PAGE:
“Inspirational teachers change lives and develop minds by opening their pupils’ eyes up to the world. It matters more than ever that our young people have the knowledge, skills and outlook they’ll need in the increasingly international world of work – and great teachers are an essential part of that.  However I’m sure that plenty of teachers sometimes wish they had Dumbledore’s magical powers.”


The research, carried out by Populus among more than 1,000 UK adults, was commissioned by the British Council for World Teachers’ Day 2016 – and its connected #WorldOfThanks social media drive to recognise the work of educators across the globe. As part of the organisation’s work to build relationships for the UK around the world through language, culture and education, the British Council employs more than 2,000 teachers globally and also offers lots of opportunities for UK schools to make international connections. 

Notes to Editor

For more information, contact Kristen McNicoll in the British Council Press Office on 0207 389 4967 / 07765 898 738 or 

Notes to Editors:

1. TES poll: 

Populus interviewed a random sample of 1,081 UK adults aged 18+ from its online panel between 28 - 29 September 2016. Surveys were conducted across the country and the results have been weighted to the profile of all adults. Please note that some of the figures used exclude those who selected ‘not applicable’.  Populus is a founder member of the British Polling Council and abides by its rules. Further information at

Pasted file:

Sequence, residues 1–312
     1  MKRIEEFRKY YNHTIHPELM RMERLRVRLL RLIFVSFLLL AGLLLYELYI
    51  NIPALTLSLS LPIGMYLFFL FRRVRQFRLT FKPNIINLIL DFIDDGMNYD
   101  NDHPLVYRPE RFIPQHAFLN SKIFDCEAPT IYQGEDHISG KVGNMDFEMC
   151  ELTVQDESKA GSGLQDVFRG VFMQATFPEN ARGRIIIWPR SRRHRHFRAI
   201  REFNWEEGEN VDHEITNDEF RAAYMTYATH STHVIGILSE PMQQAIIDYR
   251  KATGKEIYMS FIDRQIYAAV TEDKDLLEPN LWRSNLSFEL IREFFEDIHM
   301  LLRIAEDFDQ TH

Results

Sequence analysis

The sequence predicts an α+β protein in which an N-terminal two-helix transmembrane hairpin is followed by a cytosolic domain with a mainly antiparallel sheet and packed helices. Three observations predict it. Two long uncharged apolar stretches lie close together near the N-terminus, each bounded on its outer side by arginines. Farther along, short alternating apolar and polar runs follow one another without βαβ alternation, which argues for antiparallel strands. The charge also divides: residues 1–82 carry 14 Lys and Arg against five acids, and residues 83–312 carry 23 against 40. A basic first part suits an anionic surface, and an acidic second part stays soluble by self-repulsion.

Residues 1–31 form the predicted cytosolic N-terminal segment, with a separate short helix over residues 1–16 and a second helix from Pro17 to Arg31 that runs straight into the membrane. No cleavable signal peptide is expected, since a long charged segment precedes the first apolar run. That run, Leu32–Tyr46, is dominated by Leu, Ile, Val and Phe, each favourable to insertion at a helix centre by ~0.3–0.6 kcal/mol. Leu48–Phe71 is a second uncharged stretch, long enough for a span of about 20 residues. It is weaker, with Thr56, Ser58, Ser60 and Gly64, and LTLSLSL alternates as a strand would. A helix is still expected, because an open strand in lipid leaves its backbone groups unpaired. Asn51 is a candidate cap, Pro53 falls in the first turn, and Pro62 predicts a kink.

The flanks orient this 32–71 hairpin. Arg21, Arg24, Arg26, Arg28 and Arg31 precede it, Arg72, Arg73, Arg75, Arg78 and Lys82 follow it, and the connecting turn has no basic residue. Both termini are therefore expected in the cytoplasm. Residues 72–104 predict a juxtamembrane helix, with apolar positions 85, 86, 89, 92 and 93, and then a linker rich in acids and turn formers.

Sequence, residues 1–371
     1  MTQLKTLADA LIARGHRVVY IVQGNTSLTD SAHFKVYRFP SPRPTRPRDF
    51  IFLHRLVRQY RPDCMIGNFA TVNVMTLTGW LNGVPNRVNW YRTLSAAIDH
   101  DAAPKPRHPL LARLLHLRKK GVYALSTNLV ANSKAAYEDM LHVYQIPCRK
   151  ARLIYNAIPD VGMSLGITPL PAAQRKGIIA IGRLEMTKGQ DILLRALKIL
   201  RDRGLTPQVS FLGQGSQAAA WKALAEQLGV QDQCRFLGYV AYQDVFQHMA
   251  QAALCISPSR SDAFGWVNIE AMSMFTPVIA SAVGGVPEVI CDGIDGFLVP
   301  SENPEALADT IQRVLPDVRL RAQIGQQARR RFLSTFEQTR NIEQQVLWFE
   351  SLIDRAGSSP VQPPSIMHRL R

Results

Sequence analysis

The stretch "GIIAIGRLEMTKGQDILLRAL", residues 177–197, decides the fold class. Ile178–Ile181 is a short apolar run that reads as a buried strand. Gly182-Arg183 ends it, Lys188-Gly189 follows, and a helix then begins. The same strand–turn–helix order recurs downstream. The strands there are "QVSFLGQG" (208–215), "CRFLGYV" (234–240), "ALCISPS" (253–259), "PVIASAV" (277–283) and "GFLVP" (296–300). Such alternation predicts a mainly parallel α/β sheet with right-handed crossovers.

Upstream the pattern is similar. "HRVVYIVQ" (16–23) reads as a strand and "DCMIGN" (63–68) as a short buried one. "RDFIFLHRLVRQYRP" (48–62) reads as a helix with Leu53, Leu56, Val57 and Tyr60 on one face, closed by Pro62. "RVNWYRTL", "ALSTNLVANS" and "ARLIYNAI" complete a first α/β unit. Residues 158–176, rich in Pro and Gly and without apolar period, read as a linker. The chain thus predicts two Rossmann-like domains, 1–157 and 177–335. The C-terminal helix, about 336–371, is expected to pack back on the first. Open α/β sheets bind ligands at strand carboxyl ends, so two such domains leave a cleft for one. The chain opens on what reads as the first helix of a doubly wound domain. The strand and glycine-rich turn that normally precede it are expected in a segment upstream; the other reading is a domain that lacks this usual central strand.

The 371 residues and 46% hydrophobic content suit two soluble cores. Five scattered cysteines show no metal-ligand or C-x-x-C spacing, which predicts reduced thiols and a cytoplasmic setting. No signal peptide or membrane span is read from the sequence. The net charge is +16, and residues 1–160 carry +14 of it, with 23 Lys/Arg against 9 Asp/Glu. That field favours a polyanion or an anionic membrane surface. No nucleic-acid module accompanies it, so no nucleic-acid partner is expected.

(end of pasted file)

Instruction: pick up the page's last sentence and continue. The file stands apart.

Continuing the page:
The top 20 list is as follows:

1.Albus Dumbledore (Harry Potter series)

2.Mr Chips (Goodbye Mr Chips)

3.Severus Snape (Harry Potter series)

4.Mr Gilbert (The Inbetweeners)

5.Miss Honey (Matilda)

6.Minerva McGonagall (Harry Potter series)

7.Jean Brodie (The Prime of Miss Jean Brodie)

8.Charles Xavier (X Men series)

9.Walter White (Breaking Bad)

10.Merlin (The Sword in the Stone)

11.Jane Eyre (Jane Eyre)

12.John Kimble (Kindergarten Cop)

13.Mrs Krabappel (The Simpsons)

14.Mrs McClusky (Grange Hill)

15.Mr Keating (Dead Poets Society)

16.Alfie Wickers (Bad Education)

17.Susan Kennedy (Neighbours)

18.Miss Trunchbull (Matilda)

19.Mr Bronson (Grange Hill)

20.Pete Brockman (Outnumbered)

About the British Council

The British Council is the UK’s international organisation for cultural relations and educational opportunities. We create friendly knowledge and understanding between the people of the UK and other countries. Using the UK’s cultural resources we make a positive contribution to the countries we work with – changing lives by creating opportunities, building connections and engendering trust.

We work with over 100 countries across the world in the fields of arts and culture, English language, education and civil society. Each year we reach over 20 million people face-to-face and more than 500 million people online, via broadcasts and publications.

Founded in 1934, we are a UK charity governed by Royal Charter and a UK public body. The majority of our income is raised delivering a range of projects and contracts in English teaching and examinations, education and development contracts and from partnerships with public and private organisations. Eighteen per cent of our funding is received from the UK government.